We were among the hundreds of volunteers who collected trash around the city the other day as part of the national Great American Cleanup. Can’t really be sure how many of the 800 turned out because the weather was miserable – rainy and cool. We were soaked within 10 minutes anyway so we were happy to carry on.
Two of us were assigned a one-mile road section within Little Rock’s Boyle Park. We went up one side and down the other over the course of about three hours.
Amazing to me was that probably 80 percent of the debris in the three large bags of trash and recycleables we collected came from fast-food restaurants. We found little mustard and ketchup containers, burger wrapers, plastic foam cups, plastic straws and so on. Also interesting was the fact that most of the fast-trash came from one side of the road – the side leading from a cluster of burger joints up the road. (And it goes without saying that we found many beer and soft drink containers too.)
It might be fun to lay all the trash out on a tarp and separate it into piles for each of the restaurants. Then we might return it to each of the restaurants, saying, “We think your customers may have dropped these.” Didn’t do it of course, but a mass action along those lines might turn some heads at Burger Headquarters.
I also thought an intense cleanup of a road like that one might make a good field trip for an Anthropology 101 course. Archeologists and anthropologists are always fascinated by midden piles unearthed on digs. These are essentially trash dumps in settlements or temporary camps. Close analysis of the refuse tells you a lot about the people who stayed there and how they lived.
In 2006, The UN’s Food and Agriculture organization published “Livestock’s Long Shadow,” a much-criticized report suggesting that livestock accounted for more greenhouse gases than the planet’s entire motor fleet.
Now, a University of California professor has published a study suggesting the FAO overstated the impact of meat and dairy production on Climate Change. Dr. Frank Mitloehner says more efficient production methods — i.e. factory farming and feedlots — will reduce greenhouse gases from livestock.
He adds that less industrialised countries should be helped to satisfy their populations’ growing demand for meat and dairy by adopting western-style factory farming.
“My concern is not to feed more meat to people in the developed world but to make nutrition available to people who are undernourished,” he said. “The current systems in Brazil, sub-Saharan Africa and Asia are very land-hungry because they are so extensive. We have the tools to show them how to do it using less resources.”
The FAO is doing a “Son of Livestock’s Long Shadow” report that should be completed next year.
Read more in The Ecologist.
Posted in Agriculture, Climate Change, Community, Culture, Environment, Hunger, Poverty, sustainable development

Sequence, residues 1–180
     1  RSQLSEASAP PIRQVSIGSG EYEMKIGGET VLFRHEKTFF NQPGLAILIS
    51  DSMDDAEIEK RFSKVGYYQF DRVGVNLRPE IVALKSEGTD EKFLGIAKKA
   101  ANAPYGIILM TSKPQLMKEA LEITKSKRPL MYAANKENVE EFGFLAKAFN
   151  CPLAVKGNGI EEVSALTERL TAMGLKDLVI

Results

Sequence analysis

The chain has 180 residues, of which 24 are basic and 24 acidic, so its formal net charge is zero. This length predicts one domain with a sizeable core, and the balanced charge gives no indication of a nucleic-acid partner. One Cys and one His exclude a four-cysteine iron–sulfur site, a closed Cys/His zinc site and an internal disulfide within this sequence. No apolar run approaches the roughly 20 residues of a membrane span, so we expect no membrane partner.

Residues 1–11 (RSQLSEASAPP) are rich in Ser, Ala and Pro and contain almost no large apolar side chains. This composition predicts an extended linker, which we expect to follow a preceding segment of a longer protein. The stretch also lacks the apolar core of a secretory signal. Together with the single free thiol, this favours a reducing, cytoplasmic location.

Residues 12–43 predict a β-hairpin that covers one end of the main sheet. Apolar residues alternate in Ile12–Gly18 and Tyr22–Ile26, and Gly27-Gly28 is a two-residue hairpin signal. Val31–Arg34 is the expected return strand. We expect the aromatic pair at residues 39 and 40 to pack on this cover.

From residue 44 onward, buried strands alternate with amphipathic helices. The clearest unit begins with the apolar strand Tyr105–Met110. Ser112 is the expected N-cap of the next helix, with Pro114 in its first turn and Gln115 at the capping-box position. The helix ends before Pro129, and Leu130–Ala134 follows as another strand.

Tagged Agriculture, Climate Change, Community, Culture, hunger and poverty, sustainable development
Since 1966 – and as a consequence of the introduction of the Green Revolution model of water-intensive, chemical farming – India has over-exploited her groundwater, creating a water famine, Vandana Shiva writes.
Intensification of drought, floods and cyclones is one of the predictable impacts of climate change and climate instability. The failure of monsoon in India, and the consequent drought, has impacted two-thirds of the country, especially the breadbasket of India’s fertile Gangetic plains. Bihar, for example, has had a 43 percent rainfall deficit, and the story is the same in many other parts of India.
In the final analysis, India’s food security rests on the monsoon. Monsoon failure and widespread drought imply a deepening of the already severe food crisis triggered by trade-liberalisation policies, which have made India the capital of hunger. Read more in Resurgence.
Posted in Agriculture, Community, Environment, Hunger, Poverty, sustainable development
Tagged Agriculture, Community, Environment, global sustainable development, hunger and poverty, political economy, sustainable development
If you listen to climate scientists — and despite the relentless campaign to discredit their work, you should — it is long past time to do something about emissions of carbon dioxide and other greenhouse gases, economist Paul Krugman writes. If we continue with business as usual, they say, we are facing a rise in global temperatures that will be little short of apocalyptic. And to avoid that apocalypse, we have to wean our economy from the use of fossil fuels, coal above all.
But is it possible to make drastic cuts in greenhouse-gas emissions without destroying our economy?
In what follows, Nobel Prize-winner Krugman will offer a brief survey of the economics of climate change or, more precisely, the economics of lessening climate change. I’ll try to lay out the areas of broad agreement as well as those that remain in major dispute. Read more in The New York Times.